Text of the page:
ZERO STARS/**** Image C Sound B Extras D
starring Katie Holmes, Josh Duhamel, Anna Paquin, Elijah Wood
screenplay by Galt Niederhoffer, based on her novel
directed by Galt Niederhoffer
by Walter Chaw Though technically correct, I much prefer the term "Romanticists" to "Romantics," but that's a fussy kind of neither here nor there in a film, hyphenate Galt Neiderhoffer's The Romantics, that suffers from nothing like precision, elegance, or, crucially, poetry. It's a nightmare--a handheld, artfully ugly mash-up of Rachel Getting Married and Dead Poets Society that starts with credits in Wes Anderson's favourite font and slogs on through with Lilith Fair/coffee-shop folk and a character played by Katie Holmes who's jealous of a character played by Anna Paquin's boobs. Let's call it a draw, ladies, and discuss instead this variety of faux-prestige romcom, which hijacks Lloyd Dobler's holding of a boombox blaring Peter Gabriel over his head by having frickin' Josh Duhamel hoist an iPhone with Keats's "To a Nightingale" on its screen. It features idiots like dollar-store Cameron Diaz Malin Akerman and an increasingly Gollum-esque Elijah Wood in awkward supporting roles; allows scenarios like the nightmare rehearsal-dinner toast montage; and tasks Candace Bergen's team of handlers and feeders to drag her out to yet again fulfill the role of Tyrannosaurus Reaction Shot. Good job, Ms. Neiderhoffer, for not only mistaking Catch & Release for Noah Baumbach or Lars Von Trier, for not only setting your indie emoti-fest in the Dan in Real Life bizarre-verse, but for borrowing a bad burlesque from the lame 27 Dresses, too.
Holmes, in need of a more accurate E-meter session to audit her choice of agent, is magazine freelancer Laura, whose non-position is held in such holy esteem by the other characters that it immediately tells you all you need know about the temperature of the room. Laura has been summoned to the Hamptons for the wedding of best frenemy Lila (Paquin), a dizzy, shrill, mostly-absent bridezilla coming in for a landing on chunk of musky driftwood Tom (Duhamel), with whom Laura, of course, has a history and for whom she nurses a flame. Will that flame be rekindled in the madcap moments leading up to the outdoor, seaside nuptials? Yes, dummy. Bolstering this central non-event are various dimwits and nincompoop ciphers who get naked, get drunk, get in the ocean, get into trouble, get into whispered conversations of great import, keep secrets, tell lies, fuck, almost fuck, and eventually come together in the sort of contrivance that whatever audience there might be for a piece of shit like this derides in pieces of shit like Grown Ups. The key romantic moment is the abovementioned smartphone-assisted recitation of Keats, leading to what appears to be uncomfortable sex on the eve of, y'know, another one of those crepuscular movie-weddings complete with non-surprise surprise ending. Poignant? Only because someone worked pretty hard on this.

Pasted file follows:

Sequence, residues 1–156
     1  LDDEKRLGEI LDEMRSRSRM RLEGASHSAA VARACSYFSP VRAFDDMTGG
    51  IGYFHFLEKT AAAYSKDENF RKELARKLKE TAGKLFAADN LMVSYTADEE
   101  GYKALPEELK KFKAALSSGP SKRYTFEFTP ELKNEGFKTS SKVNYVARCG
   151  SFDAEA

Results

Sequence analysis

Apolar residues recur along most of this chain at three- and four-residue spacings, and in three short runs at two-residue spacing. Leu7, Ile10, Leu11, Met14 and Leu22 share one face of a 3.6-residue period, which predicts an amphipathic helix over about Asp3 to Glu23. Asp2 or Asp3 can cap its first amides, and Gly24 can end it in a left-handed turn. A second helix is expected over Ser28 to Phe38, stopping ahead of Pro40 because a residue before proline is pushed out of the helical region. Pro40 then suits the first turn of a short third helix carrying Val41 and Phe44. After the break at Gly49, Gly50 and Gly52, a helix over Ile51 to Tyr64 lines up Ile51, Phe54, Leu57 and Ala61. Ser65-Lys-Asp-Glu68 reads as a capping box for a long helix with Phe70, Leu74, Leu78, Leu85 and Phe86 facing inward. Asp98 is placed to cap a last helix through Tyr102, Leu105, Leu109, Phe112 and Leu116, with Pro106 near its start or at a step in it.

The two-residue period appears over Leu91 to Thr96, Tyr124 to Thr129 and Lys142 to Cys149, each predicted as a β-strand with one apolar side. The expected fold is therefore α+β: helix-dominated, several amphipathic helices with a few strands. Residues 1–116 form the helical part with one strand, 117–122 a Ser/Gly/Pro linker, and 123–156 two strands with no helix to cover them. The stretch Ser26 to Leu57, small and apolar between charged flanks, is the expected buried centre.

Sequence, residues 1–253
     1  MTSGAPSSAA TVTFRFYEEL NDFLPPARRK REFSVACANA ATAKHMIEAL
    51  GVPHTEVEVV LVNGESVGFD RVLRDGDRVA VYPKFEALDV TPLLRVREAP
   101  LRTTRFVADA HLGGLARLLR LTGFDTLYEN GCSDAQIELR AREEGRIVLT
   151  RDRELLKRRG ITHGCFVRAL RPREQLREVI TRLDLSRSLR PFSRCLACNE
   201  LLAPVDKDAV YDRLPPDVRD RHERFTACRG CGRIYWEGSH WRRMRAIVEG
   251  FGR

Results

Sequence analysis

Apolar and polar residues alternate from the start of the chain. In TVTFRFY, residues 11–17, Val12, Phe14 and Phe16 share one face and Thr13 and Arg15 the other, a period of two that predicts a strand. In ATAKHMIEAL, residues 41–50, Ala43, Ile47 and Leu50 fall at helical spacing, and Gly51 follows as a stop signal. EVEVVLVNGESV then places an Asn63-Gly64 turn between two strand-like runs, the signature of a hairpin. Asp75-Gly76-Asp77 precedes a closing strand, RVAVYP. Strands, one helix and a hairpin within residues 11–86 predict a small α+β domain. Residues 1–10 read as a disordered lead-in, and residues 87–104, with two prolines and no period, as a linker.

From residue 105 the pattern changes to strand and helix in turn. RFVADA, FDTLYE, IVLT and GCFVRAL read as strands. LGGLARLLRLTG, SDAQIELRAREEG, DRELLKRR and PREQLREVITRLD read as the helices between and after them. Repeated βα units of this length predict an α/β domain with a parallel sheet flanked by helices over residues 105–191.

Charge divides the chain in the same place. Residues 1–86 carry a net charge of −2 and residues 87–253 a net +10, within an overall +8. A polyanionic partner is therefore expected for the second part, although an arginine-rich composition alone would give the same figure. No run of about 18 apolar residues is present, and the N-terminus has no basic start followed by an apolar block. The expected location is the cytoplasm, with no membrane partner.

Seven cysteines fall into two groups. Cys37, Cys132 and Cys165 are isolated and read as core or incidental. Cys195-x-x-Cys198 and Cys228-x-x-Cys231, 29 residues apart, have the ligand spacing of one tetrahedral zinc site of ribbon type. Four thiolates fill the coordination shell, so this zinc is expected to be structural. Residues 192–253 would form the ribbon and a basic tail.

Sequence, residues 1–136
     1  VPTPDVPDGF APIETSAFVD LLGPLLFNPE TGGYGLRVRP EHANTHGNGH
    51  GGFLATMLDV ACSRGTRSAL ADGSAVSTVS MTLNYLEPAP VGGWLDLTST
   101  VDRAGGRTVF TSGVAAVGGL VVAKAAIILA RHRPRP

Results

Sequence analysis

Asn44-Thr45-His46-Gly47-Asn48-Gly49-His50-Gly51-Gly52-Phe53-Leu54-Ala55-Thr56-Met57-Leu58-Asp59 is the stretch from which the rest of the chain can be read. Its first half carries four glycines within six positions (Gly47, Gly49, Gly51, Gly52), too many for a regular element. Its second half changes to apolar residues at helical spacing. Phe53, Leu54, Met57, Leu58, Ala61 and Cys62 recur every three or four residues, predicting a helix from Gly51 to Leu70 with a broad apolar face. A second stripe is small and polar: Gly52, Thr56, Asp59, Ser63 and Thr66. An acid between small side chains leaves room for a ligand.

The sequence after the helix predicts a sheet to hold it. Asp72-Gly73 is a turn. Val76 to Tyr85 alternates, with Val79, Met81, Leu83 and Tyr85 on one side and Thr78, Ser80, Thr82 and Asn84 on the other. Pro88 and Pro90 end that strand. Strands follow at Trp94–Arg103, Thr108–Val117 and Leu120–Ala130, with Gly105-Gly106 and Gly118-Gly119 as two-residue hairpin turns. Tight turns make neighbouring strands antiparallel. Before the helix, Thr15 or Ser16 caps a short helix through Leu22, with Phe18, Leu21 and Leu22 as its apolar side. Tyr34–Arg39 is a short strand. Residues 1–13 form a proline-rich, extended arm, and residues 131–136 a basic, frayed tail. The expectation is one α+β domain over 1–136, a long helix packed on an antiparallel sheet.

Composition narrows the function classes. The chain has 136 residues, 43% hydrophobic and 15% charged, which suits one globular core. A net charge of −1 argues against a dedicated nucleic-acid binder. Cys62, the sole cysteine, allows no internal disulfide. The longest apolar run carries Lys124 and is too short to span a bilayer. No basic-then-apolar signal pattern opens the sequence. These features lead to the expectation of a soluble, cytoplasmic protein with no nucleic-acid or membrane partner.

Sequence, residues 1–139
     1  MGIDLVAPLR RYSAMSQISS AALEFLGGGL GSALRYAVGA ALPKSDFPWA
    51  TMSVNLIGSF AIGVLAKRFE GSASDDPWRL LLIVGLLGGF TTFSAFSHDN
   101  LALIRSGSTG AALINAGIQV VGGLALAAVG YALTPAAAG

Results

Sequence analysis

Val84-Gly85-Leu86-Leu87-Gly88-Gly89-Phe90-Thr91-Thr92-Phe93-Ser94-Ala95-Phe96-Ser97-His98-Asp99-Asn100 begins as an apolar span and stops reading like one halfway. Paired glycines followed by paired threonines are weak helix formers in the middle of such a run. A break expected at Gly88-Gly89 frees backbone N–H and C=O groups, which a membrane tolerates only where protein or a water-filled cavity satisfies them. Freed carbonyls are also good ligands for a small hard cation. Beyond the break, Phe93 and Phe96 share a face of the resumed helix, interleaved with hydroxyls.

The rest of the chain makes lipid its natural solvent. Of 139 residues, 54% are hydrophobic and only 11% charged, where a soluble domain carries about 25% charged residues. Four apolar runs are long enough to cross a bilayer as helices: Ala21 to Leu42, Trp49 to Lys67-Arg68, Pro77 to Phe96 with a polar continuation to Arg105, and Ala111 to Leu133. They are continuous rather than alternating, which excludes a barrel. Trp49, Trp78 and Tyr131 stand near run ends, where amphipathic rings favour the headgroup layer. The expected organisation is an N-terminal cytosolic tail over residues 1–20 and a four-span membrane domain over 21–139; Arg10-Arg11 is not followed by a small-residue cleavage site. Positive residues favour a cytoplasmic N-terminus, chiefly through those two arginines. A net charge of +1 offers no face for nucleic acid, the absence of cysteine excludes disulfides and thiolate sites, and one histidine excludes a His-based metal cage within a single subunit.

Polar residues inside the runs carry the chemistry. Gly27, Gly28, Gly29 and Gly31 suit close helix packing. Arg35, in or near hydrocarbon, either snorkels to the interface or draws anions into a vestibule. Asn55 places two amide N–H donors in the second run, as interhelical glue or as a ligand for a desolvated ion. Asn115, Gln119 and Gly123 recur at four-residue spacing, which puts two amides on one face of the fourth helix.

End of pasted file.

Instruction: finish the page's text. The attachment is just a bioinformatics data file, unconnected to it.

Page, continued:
Framed with no energy and edited with the same enervation, The Romantics takes on the idea of Romanticism as a movement in art and poetry and then leaches it entire of its baseline passion, sublimity, and essential humanism. It's a poor thief, the product of bad thinking and a lack of the basic critical facility required to translate a high concept or theme into visual language. Look to the Coens as perhaps the best at adaptation--to a certain elegance in how they not only bring something to the screen but also pull something essential out of the text in the process. What The Romantics represents is a product that has as its best analogy a silk bow on a pile of horseshit and the ardent hope that no one will notice. The problem is that everyone notices. There's a bit about a torn dress, a mischievous little sister (Dianna Agron), and a summary speech in which someone has to declare all the characters "family" because it's not otherwise obvious in their behaviour. Derivative, bland, overwritten when it's not incomprehensible, The Romantics is never funny, never smart, never engaging, never sexy, and never romantic or romanticist. It's a slog, a disaster, and now it's on DVD, so you can buy it for $4.00 at Walgreen's in a couple of weeks.
If you really are considering a purchase, know that the video quality is not so hot. The 1.78:1, 16x9-enhanced transfer has a good deal of shimmer, washed-out colours, and difficulty resolving shadow detail. Daytime shots look uneven, night shots no better and arguably worse, what with their fluctuating, weirdly noisy grain. It's not the worse thing I've ever seen, I suppose. The DD 5.1 audio is a noticeable step up, leading me to believe that the crappiness of the visual presentation was probably an artistic decision; you get to hear the dialogue with crystal clarity, which is, of course, a double-edged sword. The only extra is a "Behind the Scenes" featurette (11 mins.) in which we discover, among other things, that Akerman was instrumental in the scripting of the rhyming wedding toast she delivers in the movie (I used to know someone who did that for every office meeting--kinda made you want to punch a baby) and that both she and Neiderhoffer were thrilled with the completion of this deadening scene. Holmes, meanwhile, compares the film to St. Elmo's Fire--to be clear, she says it like it's a good thing. Trailers for fellow flops Mean Girls 2, Morning Glory, and Case 39 round out the Paramount DVD, suggesting that the people pushing The Romantics hope, in good faith, that the audience for it is undemanding. Originally published: March 8, 2011.